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This publication features some of the best resources, including webinars, briefs, and toolkits, available in the online NCASE Resource Library, developed for both practitioners and system builders. You can also browse the library for hundreds of other topical materials.
Federal, state, and local agencies are increasing investments and building capacity in emergency preparedness, response, and recovery. Emergencies of all types can occur abruptly and cause devastation to programs, families, communities, and entire towns or cities.
On June 3, 2020 the National Center on Afterschool and Summer Enrichment (NCASE) hosted the webinar, "Navigating the Transition to Kindergarten and School-Age Care." NCASE was joined by colleagues from the National Center on Early Childhood Development, Teaching, and Learning (NCECDTL) and the National Center on Parent, Family and Community Engagement (NCPFCE).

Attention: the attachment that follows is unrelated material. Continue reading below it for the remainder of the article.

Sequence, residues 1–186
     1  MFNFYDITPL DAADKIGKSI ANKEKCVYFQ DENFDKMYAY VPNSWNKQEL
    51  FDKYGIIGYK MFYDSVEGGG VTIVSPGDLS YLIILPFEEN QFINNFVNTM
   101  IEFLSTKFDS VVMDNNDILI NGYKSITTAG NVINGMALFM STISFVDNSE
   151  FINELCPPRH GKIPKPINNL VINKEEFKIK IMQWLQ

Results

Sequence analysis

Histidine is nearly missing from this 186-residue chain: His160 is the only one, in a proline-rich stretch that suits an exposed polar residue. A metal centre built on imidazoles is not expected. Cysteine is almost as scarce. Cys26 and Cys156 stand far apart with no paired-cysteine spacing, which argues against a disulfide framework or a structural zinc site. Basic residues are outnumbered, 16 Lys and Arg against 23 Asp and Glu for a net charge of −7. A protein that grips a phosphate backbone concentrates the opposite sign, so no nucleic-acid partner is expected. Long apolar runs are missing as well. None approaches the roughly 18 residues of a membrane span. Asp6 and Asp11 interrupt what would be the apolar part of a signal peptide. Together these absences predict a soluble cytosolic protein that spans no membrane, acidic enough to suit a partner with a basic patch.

The National Center on Afterschool and Summer Enrichment (NCASE) has developed a number of resources focused on supporting school-age children’s social and emotional learning (SEL) in out-of-school time. This publication is part of a series compiling NCASE resources on a particular theme for the benefit of state, territory, and tribal Lead Agencies and their designated networks.
This resource offers information on supporting children’s emotional well-being during the COVID-19 public health crisis. It includes recommendations for how to talk to children about the virus and how to promote emotional health through reassurance, routines, and regulation. It also includes links to key organizations that can support children, families, and providers.
From December 2018 through May 2019, the National Center on Afterschool and Summer Enrichment facilitated a peer learning group (PLG) on social-emotional learning (SEL) in Out-of-School Time (OST) for 10 state teams.
This issue brief about trauma-informed care brings a strengths-based perspective that emphasizes resilience. There is a review of the signs of trauma, how it impacts trauma and how to practice trauma-informed care using the Four Rs: realizing the widespread nature of childhood trauma, recognizing the symptoms, responding by adjusting policies and practices, and resisting re-traumatization.